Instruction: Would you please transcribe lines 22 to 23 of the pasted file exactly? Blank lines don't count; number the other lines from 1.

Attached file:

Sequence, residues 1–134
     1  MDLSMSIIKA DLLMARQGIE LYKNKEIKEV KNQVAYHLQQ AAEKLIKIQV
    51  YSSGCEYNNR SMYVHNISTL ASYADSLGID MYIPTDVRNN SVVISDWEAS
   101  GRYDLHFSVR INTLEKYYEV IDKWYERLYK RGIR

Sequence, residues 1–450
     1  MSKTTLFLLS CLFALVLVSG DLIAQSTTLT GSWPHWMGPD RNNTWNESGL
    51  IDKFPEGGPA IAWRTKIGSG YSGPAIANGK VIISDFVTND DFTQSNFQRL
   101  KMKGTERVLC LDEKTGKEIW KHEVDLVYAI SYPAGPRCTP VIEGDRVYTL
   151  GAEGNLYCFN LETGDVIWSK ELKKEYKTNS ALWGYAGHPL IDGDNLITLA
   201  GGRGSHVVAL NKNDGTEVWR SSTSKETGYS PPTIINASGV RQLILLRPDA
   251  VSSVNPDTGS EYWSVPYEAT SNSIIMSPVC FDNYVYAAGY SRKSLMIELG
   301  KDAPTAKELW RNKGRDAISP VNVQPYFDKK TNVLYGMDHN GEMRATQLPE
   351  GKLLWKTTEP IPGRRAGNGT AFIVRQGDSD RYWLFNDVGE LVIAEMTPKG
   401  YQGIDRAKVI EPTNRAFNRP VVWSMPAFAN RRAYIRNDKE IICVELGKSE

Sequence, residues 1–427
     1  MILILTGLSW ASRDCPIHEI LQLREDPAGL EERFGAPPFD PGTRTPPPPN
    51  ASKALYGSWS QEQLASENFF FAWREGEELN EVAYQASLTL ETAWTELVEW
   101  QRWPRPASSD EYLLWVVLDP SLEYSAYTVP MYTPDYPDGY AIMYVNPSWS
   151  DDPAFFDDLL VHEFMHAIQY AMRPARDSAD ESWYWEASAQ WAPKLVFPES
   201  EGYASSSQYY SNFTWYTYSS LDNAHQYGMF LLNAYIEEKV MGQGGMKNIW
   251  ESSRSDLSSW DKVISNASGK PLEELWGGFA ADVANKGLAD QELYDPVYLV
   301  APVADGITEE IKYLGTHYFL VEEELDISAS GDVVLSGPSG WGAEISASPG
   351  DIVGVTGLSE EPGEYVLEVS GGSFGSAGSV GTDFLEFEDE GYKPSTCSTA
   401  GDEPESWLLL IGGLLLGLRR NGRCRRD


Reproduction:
   301  APVADGITEE IKYLGTHYFL VEEELDISAS GDVVLSGPSG WGAEISASPG
   351  DIVGVTGLSE EPGEYVLEVS GGSFGSAGSV GTDFLEFEDE GYKPSTCSTA